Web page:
Once you know what normal RAP and LAP waveforms look like, you will be able to identify abnormal waves. (See Figures 4a, 4b, and 4c.) Abnormalities in the atrial waves may indicate a pre-existing or new pathologic condition such as an arrhythmia or valvular dysfunction. These abnormalities may be characterized by either an abnormal wave value (i.e., a low or elevated pressure), or an alteration in the normal contour of a specific wave. If you detect any change in the patient's baseline waveform, as discussed below, notify the treating physician or clinician.

    Altered a waves. Large a waves (Figure 4a) typically occur when the atria contract against partially closed, or stenotic, mitral or tricuspid valves. Cannon waves (sometimes referred to as giant a waves) are transmitted when there is a loss of atrial-ventricular (AV) synchrony, as in the case of junctional and AV dissociative rhythms. In these instances, the a wave produced by the simultaneous contraction of the atria and ventricles is enlarged and occurs later in the cardiac cycle, usually at the timing of the normal v wave. The combination of the a and v waves creates the cannon wave. Cannon waves will also appear if there are premature ventricular contractions (PVC), or re-entrant ventricular tachycardia.4

    In the presence of cannon waves, the accurate measurement of mean atrial pressures that coincide with the EKG is also affected. The mean RAP is measured at the end of the QRS complex, which is the time when ventricular end-diastole occurs (see Figure 4a again); the PAWP is measured approximately one to two boxes (40 – 80 milliseconds) after the QRS complex.3,4

    Large v waves. This is the most frequent right atrial wave abnormality, most commonly caused by tricuspid and mitral insufficiency.3 Other causes include ventricular ischemia/failure, decreased atrial compliance, increased pulmonary or systemic resistance, and ventricular septal defect.

    In large v waves (see Figure 4b), the exaggerated and elevated v wave (sometimes referred to as a broad cv wave) is produced by the increased blood volume entering the atria during the period of rapid atrial filling in the cardiac cycle. On the monitor, the v wave will be taller than the a wave and will be followed by an exaggerated y descent that reflects relief of the increased atrial pressure with the opening of the tricuspid or mitral valve.

    Obtaining an accurate PAWP in the presence of large v waves can pose a challenge, especially when attempting to differentiate it from the PA pressure (which we'll discuss later). The difficulty is that the large v wave may be mistaken for the systolic PA pressure wave. This complication can be avoided, however, if pressures and waves are consistently measured in relation to the patient's EKG.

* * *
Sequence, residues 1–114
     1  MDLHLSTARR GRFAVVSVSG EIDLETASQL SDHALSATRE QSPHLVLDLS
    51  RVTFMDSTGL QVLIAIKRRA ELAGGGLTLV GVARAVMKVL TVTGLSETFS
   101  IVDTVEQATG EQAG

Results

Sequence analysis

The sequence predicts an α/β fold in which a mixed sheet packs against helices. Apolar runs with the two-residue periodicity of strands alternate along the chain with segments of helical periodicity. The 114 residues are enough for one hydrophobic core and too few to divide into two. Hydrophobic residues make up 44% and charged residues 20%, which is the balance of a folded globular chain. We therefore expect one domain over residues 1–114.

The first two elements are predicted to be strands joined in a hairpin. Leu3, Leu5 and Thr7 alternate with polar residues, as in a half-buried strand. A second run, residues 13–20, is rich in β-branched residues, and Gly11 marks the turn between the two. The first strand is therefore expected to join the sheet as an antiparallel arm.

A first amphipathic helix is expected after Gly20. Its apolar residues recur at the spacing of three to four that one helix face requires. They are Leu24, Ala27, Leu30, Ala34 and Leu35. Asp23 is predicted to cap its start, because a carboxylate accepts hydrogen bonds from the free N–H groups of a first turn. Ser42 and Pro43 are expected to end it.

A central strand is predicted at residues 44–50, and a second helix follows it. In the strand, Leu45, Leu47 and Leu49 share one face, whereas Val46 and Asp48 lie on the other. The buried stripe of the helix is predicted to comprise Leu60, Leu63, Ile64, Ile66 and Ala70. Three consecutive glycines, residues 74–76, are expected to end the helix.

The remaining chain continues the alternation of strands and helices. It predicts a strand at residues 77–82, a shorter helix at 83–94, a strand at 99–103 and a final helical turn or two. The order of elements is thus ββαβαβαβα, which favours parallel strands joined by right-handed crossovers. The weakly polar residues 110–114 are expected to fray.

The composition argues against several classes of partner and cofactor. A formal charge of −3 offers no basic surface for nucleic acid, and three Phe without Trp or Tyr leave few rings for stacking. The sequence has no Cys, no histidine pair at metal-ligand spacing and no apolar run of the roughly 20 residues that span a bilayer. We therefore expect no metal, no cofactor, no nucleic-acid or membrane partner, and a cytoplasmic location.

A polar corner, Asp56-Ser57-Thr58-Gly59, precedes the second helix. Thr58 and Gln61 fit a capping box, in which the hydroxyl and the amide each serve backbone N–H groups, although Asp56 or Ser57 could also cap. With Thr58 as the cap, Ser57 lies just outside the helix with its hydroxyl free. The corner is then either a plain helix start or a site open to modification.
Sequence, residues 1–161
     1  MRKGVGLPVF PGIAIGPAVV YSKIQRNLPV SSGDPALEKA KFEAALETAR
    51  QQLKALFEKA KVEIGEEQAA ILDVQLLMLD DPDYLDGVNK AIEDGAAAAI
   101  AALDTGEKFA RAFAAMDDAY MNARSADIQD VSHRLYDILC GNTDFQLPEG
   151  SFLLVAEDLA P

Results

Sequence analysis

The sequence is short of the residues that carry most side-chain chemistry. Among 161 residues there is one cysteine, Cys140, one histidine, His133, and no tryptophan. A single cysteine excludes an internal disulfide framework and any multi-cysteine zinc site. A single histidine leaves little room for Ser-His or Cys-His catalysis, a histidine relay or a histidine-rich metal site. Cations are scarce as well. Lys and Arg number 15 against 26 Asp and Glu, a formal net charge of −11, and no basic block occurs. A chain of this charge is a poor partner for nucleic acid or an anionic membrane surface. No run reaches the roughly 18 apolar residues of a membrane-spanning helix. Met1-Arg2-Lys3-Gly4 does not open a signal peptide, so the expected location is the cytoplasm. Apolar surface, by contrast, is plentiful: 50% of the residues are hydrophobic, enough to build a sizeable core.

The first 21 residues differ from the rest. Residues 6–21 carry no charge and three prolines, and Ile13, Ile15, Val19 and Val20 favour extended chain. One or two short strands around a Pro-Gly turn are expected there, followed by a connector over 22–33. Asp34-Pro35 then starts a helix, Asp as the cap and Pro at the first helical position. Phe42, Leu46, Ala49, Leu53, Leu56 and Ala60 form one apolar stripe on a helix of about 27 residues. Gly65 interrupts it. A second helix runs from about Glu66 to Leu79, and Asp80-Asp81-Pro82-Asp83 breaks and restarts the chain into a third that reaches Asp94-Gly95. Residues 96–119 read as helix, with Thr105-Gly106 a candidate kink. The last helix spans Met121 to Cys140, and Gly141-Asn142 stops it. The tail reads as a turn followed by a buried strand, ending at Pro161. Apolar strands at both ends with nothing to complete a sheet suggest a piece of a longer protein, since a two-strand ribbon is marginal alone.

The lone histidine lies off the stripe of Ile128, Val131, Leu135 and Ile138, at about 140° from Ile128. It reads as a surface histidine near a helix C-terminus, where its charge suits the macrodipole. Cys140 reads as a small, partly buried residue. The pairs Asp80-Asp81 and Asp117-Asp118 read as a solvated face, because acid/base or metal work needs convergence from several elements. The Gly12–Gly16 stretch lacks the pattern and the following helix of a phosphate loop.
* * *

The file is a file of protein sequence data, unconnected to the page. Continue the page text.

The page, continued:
The RAP and PAWP waveforms with elevated v waves are measured in the usual way, by correct alignment with the EKG. Note that in the PAWP, the dominant v wave occurs after the T wave, whereas the peak of the systolic PA pressure occurs within the T wave.3,4 (See Figure 4b.)

    As mentioned earlier, clinical scenarios that can produce high RAPs and abnormal waves include hypervolemia, RV failure, tricuspid stenosis or insufficiency, cardiac tamponade, constrictive pericarditis, and chronic LV failure.3 Likewise, an elevated or abnormal PAWP can result from hypervolemia, LV failure, mitral stenosis or insufficiency, cardiac tamponade, and constrictive pericarditis.3 Hypovolemia can cause low RAP or PAWP.3

    Overwedged wave. Overinflation of the balloon tip during PAWP measurement is a potential cause of life-threatening complications such as pulmonary artery infarction or rupture. Inflation should not last for more than 8 – 15 seconds and should be stopped when the wave changes from that of the PA to the PAWP. Overwedging of the balloon is indicated by a progressive increase in pressure off the screen and loss of the a and v wave components, as seen in Figure 4c. In this situation, immediately stop inflation, deflate the balloon, and reposition the PA catheter or notify a clinician who is qualified to do so.1,4

    Taking a look at the normal PAP

    In addition to being aware of atrial waves, you need a solid understanding of the normal pulmonary artery waves.

    Pulmonary artery pressure (PAP) assesses the state of resistance in the pulmonary vasculature as well as ventricular function.7 PAP is continuously monitored. A normal PAP reading indicates that the catheter is located in the correct position, as the catheter can migrate either to the wedge position or slip back to the RV. You will need to interpret the systolic, end-diastolic, and mean PAP.4

    Pulmonary systolic pressure (PAS) indicates the pressure generated by RV ejection into the pulmonary vasculature. It is also equal to the RV systolic pressure observed during insertion of the PA catheter. Elevated PAS may be present with RV or LV failure, cardiac tamponade, or pulmonary hypertension. As with other hemodynamic pressures, it may be lower in hypovolemic states.

    Pulmonary artery end-diastolic pressure (PAEDP) indicates the pressure in the PA as blood moves from there into the pulmonary capillaries. It is also an indirect indicator of left ventricular end-diastolic pressure (LVEDP) in the absence of any obstruction "downstream," such as pulmonary hypertension or mitral stenosis. In addition, the PAEDP is approximately 1 – 3 mm Hg above the PAWP and, if there is no downstream occlusion, can be used to estimate this parameter.

    Mean pulmonary pressure (PAM) represents the average PAP throughout the cardiac cycle.3,4,7